This research project will look at the values attaches to alternative milks for children and infants – defined as plant-based (soy, almond, chestnut, etc.) and non-cow dairy milks (goat, camel, donkey, etc.) – and focus on the Swiss context. Infant and child feeding have rightly been analysed as exemplary domains of what parenting culture studies have named the « intensive mothering » culture, as mothers are under pressure to devote substantial time and energy to the provision of good-quality food for their offspring. Recent scholarship suggests that this intensive mothering culture is being reinforced under the influence of global social movements such as environmentalism and the animal rights movement, which translate into even more maternal work by complexifying consumption choices.
In Western societies, modernisation and the de-traditionalisation of society has brought profound changes to gender relations, increased women’s rights and their participation in the workforce. However, parenting culture studies have shown that, despite these transformations, mothers are under increasing social pressure to engage in labour-intensive, child-centred, expert-led parenting, even more than fathers. This “intensive mothering” culture poses a challenge to gender equality, with women still torn between work and family. Infant and child feeding have rightly been analysed as exemplary domains of intensive mothering, as mothers are under pressure to devote substantial time and energy to the provision of good-quality food for their offspring. Recent scholarship suggests that this intensive mothering culture is being reinforced under the influence of global social movements such as environmentalism and the animal rights movement, which translate into even more maternal work by complexifying consumption choices. More research is needed to understand the gendered consequences of these social movements. The influence of class also needs analysis, as environmentalist and animal rights movements are frequently criticised for reproducing social inequalities, and so does the articulation of national identity with child feeding choices, given the importance of food in the discursive construction of nations.This research projects aims to fill gaps in parenting culture studies with a qualitative case study of the meanings attached to alternative milks - defined as plant-based (soy, almond, chestnut, etc.) and non-cow dairy milks (goat, camel, donkey, etc.) - for infants and children in Switzerland. The first research axis aims at mapping the values attached to different alternative milks by analysing (RQ1) how they articulate with one another and (RQ2) how they specifically relate to environmental and/or animal rights concerns. The second research axis investigates the articulation of infant and child feeding with gender, class and nation by asking (RQ3) how maternal and paternal roles figure into the discursive comparison of alternative milks and (RQ4) how alternative milks support social distinction based on class and the construction of national identity. Switzerland is an excellent site for such a case study because a controversy has been developing during the last fifteen years around the use of alternative milks and given the symbolic importance of (cow’s) milk in Switzerland’s national identity. This will be achieved by triangulating three types of data covering social uses of alternative milks: documents relative to (1) the promotion of alternative milks (packaging and marketing material), (2) expert advice on milk choices (documents, interviews with experts and observation of classes) and (3) everyday practices (interviews with parents). My aim is to generate new typologies and concepts that will reflect contemporary parenting choices.My project will make crucial contributions to the understanding of contemporary parenting norms and how they contribute to the reproduction of inequalities, at a time when the climate crisis and the Covid-19 pandemic are worsening gender and social inequities in Switzerland and around the world. It will also contribute to the booming development of environmental humanities. Health professionals are also eager to understand alternative approaches to parenting; this project can thus contribute to more effective (public) health communication and care.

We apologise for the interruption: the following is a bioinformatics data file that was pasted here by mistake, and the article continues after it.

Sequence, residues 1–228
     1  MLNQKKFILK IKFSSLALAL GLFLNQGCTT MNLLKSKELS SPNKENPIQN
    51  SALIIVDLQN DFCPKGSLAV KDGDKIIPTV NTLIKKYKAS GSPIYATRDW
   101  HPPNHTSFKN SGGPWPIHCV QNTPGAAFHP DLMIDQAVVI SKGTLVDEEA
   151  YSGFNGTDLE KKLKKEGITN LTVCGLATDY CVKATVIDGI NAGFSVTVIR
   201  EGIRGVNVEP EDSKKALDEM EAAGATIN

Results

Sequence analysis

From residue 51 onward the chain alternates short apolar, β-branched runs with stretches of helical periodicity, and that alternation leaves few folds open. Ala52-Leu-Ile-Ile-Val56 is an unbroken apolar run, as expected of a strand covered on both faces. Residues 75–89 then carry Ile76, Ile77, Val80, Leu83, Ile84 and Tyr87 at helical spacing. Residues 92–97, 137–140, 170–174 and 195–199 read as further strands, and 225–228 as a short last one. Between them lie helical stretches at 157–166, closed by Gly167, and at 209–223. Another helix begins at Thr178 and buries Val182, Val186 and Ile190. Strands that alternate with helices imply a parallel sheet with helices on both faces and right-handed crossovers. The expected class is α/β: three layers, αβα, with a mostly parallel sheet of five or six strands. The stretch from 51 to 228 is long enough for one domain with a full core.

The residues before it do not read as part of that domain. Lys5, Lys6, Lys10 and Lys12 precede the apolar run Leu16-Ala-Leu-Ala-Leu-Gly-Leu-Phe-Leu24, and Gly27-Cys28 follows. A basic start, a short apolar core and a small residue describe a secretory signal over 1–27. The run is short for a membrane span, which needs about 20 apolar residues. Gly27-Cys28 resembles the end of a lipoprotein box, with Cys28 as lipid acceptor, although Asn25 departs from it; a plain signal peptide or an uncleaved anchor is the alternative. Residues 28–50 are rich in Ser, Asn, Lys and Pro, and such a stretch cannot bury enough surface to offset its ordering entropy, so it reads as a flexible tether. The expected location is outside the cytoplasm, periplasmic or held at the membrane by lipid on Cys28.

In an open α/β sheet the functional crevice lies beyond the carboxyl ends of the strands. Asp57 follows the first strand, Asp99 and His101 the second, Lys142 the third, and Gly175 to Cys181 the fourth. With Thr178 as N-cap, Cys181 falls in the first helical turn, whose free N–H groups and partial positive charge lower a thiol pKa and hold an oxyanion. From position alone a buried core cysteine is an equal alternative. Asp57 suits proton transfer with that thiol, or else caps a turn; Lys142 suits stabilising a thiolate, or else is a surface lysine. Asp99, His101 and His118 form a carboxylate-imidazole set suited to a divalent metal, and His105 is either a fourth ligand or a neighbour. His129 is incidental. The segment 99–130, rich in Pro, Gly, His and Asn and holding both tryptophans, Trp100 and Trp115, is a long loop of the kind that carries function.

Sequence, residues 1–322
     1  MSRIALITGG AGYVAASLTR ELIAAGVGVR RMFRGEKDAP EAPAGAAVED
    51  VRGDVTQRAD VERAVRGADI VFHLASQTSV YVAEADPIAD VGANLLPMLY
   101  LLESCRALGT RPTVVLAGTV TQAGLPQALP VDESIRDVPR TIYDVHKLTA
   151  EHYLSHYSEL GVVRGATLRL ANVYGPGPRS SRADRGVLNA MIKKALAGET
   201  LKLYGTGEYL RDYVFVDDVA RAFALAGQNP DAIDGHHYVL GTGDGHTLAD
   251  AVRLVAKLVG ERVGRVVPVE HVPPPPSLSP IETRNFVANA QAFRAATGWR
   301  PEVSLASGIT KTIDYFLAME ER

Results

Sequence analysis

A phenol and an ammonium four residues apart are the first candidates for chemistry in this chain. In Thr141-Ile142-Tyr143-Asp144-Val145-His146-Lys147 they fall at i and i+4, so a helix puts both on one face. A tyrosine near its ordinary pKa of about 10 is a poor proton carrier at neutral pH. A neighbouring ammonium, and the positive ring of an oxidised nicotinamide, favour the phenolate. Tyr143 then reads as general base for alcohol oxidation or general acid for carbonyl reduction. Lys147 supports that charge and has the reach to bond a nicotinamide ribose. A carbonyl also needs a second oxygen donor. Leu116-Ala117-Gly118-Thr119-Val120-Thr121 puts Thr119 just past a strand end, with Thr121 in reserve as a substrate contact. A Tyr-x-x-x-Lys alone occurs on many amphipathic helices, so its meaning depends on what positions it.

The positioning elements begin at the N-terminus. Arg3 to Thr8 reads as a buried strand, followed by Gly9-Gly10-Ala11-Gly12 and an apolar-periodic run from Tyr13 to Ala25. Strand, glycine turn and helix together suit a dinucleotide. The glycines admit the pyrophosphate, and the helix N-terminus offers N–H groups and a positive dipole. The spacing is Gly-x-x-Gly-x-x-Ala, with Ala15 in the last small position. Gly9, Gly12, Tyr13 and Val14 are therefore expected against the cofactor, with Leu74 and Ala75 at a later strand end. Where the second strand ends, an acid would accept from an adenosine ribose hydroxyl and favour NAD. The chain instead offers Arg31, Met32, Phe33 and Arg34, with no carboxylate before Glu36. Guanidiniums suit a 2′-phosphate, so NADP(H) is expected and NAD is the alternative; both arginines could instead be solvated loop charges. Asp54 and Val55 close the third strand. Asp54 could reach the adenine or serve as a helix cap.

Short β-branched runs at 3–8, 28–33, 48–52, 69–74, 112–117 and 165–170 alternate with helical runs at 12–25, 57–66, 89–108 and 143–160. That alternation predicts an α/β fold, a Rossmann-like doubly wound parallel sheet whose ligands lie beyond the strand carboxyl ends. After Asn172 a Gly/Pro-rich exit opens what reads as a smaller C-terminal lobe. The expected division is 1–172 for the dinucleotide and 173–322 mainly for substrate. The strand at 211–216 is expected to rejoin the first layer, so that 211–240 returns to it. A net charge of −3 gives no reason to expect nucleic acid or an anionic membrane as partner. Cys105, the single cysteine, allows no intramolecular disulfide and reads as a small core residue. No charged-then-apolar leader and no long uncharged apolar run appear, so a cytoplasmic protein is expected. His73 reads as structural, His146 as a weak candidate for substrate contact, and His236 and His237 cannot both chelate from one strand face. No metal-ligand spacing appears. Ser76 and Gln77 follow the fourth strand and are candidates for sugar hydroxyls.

Research project information
Nationalism – homonationalism – femonationalism
Ecology – environment – sustainability
Reproduction – childbearing
Animals – speciesism – antispeciesism
Childhood – adolescence
Health – medicine
Social Anthropology, Sociology, Gender Studies